I’ve had the pleasure of listening to Stephen Timms talk twice in two days and not only does he deliver what he has to say with dignity and feeling, what he says has a humanity about it that reminds me of listening to Frank Field.
That to me is a high compliment, Field was Timms’ predecessor as Chair of the Work and Pensions Committee and brought to his events a theatricality , good humour and occasional asperity that cannot be replaced. My prayers are for him.
Stephen Timms’ has the benefit that Frank Field never had of being embedded in a serving Government in positions of power. Though Field was the Minister of Welfare Reform in Tony Blair’s first Government, he was neither understood or accepted. After leaving office Blair said of him in his autobiography
The problem was not so much that his thoughts were unthinkable as unfathomable.
Stephen Timms thoughts are fathomable and they will resonate around both the Treasury and the DWP, for he is liked and respected in both departments.
For much of the recent lengthy inquiry into pension freedoms, I have been a little disappointed by the focus of the debate which has concentrated on ways to engage us with the difficult choices ahead, rather than finding ways to make choices easier.
But that is changing and in the two speeches made by Stephen Timms, reference has been made to perhaps the most radical proposal made within Westminster since George Osborne announced “nobody will have to buy an annuity again.
I’m quoting directly from the publication detailing the DWP response arising out of the report on “protecting pensions savers- five years on from pension freedoms“, a document which is worth reading twice.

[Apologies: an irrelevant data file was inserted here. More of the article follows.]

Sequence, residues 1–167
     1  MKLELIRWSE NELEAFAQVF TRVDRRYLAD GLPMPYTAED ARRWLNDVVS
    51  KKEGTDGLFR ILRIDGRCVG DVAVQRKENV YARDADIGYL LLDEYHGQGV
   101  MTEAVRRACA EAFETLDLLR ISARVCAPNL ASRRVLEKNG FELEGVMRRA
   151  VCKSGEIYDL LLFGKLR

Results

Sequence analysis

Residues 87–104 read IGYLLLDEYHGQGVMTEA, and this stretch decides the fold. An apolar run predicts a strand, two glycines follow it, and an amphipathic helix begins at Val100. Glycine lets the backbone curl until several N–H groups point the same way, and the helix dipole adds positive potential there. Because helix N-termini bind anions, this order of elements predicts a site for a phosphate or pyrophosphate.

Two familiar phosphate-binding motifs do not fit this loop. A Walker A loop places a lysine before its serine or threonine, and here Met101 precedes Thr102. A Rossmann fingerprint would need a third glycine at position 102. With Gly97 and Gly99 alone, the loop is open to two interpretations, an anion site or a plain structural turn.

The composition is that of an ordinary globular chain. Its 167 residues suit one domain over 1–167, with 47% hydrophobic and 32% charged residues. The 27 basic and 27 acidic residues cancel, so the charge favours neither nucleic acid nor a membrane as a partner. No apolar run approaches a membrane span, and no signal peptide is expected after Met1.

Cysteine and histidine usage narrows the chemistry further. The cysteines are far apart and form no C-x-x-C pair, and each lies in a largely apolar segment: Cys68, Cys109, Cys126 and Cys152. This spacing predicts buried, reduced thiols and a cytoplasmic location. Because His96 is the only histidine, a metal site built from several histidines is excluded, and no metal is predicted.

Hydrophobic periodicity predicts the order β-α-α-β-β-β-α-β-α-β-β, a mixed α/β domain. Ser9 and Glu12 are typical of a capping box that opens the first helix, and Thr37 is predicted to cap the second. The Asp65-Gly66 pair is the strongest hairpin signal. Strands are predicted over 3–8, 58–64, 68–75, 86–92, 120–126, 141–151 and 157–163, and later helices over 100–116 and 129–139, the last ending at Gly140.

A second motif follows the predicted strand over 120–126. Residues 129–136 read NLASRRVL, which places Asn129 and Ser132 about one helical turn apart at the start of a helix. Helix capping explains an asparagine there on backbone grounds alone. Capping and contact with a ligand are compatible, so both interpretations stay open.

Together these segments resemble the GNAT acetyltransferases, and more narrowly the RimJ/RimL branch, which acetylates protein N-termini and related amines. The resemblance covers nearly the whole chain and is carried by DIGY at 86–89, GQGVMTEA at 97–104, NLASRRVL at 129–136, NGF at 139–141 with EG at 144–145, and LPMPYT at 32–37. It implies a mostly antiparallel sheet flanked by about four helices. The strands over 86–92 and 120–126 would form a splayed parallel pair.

Recommendation 6: For CDC schemes to provide a realistic alternative to annuities, people with defined contribution pension pots need the option to be able to transfer
to decumulation only CDC schemes. In future these may be available through mastertrusts regulated by the Pensions Regulator.
We recommend that the Financial Conduct Authority consider whether there is also a case for developing contract-based CDC
schemes and publish its findings.
Government response: We understand that the FCA will be responding to this recommendation separately.
In that final statement from the DWP , there is the potential either for the door to be slammed on CDC for retiring savers, or for retirement savings to be transformed. Let me explain.
To date, the view of collectivisation, has been based on organising the saving and spending of retirement money around employers through “schemes”. The word “scheme” appears many times in both the Pension Schemes Act and in the Pension Regulator’s CDC code.
But a contract based plan is not a collective arrangement. The contract is between the pension provider (usually the insurer) and the policyholder (saver). It is an individual arrangement. Where collectivisation happens within contract plans is within the funds offered on the contract plan’s platform. These “pooled” funds are collective arrangements bringing together the interests of any saver, whether that saving is through an occupational or a personal pension.
The only way that a contract based CDC arrangement can be delivered is through a pooled fund. So the question that Stephen Timms is asking is whether CDC can be delivered through an investment fund which effectively provides drawdown with pooled longevity.